According to the US researchers the single-walled carbon nanotube (SWNTs) sensors can be ‘reset’ by simply pressing the switch.
The researchers could identify the organic molecules that are attached to the nanotubes sheds off from the surface upon conduction of electricity through the material, thus regenerating the sensor for further usage.
These SWNTs can be deployed in highly sensitive, tiny chemical sensing devices for monitoring various chemicals and gases. The SWNTs when adhered to a silicon material, takes in the chemicals to their surface but, most of the chemicals are absorbed in an irreversible manner, which results in an extended processes prior the sensor reusage.
Richard Masel along with his colleagues at the University of Illinois tried to solve the issue by employing current-stimulated desorption (CSD) technique in which a strong electric current is allowed to pass through the SWNTs. Richard Masel reported to the Chemistry World that during the CSD process the electrons drift across the nanotubes, collides with the molecules on the surface, transfers the surplus energy to the absorbed molecule and finally detaches from the surface.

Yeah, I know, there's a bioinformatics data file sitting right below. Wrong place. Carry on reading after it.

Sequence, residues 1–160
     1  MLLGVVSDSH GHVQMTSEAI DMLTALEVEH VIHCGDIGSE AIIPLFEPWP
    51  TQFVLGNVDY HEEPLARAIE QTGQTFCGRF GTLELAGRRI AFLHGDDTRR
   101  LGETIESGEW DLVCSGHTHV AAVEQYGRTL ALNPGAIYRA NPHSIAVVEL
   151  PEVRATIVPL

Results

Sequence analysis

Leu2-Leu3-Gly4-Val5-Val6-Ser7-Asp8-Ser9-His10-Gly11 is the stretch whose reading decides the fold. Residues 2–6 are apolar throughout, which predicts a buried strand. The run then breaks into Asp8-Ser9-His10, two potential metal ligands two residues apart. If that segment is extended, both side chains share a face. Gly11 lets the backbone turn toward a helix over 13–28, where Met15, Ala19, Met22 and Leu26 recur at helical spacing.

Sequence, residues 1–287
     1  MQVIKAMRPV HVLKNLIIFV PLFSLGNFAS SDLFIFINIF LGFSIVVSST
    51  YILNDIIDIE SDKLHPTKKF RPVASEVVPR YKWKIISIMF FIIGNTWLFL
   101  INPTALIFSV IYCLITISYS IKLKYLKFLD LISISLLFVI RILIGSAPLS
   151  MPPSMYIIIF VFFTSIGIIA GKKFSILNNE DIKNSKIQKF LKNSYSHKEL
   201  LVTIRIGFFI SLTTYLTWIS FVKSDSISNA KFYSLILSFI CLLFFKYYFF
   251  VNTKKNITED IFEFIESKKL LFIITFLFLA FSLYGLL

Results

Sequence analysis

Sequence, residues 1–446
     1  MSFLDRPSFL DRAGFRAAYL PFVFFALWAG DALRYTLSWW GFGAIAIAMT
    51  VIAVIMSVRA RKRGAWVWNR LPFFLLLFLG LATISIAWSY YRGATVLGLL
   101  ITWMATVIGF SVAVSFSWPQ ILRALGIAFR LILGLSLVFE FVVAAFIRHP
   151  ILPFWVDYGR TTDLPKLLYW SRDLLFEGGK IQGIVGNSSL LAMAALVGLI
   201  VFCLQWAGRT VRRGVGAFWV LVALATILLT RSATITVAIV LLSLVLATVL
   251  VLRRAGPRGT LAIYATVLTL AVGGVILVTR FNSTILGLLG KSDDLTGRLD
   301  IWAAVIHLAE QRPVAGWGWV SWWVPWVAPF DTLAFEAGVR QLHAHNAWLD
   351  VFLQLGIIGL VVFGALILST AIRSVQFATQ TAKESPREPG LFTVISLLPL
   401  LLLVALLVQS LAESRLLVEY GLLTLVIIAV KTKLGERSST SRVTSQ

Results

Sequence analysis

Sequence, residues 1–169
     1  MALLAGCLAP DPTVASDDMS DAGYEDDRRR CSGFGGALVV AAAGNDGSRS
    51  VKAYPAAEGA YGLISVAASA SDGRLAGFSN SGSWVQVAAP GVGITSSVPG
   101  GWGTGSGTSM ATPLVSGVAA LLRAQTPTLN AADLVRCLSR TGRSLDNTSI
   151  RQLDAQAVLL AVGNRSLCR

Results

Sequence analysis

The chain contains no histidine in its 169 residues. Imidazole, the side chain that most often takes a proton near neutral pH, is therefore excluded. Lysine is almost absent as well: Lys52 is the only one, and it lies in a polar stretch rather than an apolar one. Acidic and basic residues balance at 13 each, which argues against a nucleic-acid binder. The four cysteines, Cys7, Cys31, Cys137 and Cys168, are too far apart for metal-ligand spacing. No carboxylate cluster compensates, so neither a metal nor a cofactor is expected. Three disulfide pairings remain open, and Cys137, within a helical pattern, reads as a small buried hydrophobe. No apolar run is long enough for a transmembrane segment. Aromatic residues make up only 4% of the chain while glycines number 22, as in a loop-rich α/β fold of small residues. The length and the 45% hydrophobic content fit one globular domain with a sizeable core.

The CSD technique desorbs the chemicals from the surface of nanotube, without increasing the heat or damaging the sensor. The research team has experimented nearly ten identical sensor systems and identified that all the aromatics, amines, alcohols and phosphonates are shaken off from the surface in the similar manner, permitting the sensors to re-generate rapidly for further use.
The specific CSD technology is superior over other methodologies such as photodesorption, in which a UV light source has to be supplied externally to the surface for the desorption of molecules. This inturn is a lengthy process since lower numbers of electrons are desorbed from the surface by providing external light source and also results in very slow resetting of the sensors.
According to Masel sensors can be re-generated rapidly employing the CSD since the electrons are already excited in the nanotubes upon applying voltage and do not require the supplement of any additional source.
Angus Kirkland, carbon nanotube-based material specialist at the Oxford University, UK mentioned that the carbon nanotubes shows remarkable advantages over other materials and will facilitate the fabrication of cost-effective, unique sensing devices for monitoring hazardous organic molecules for wide use in healthcare, security and environmental applications.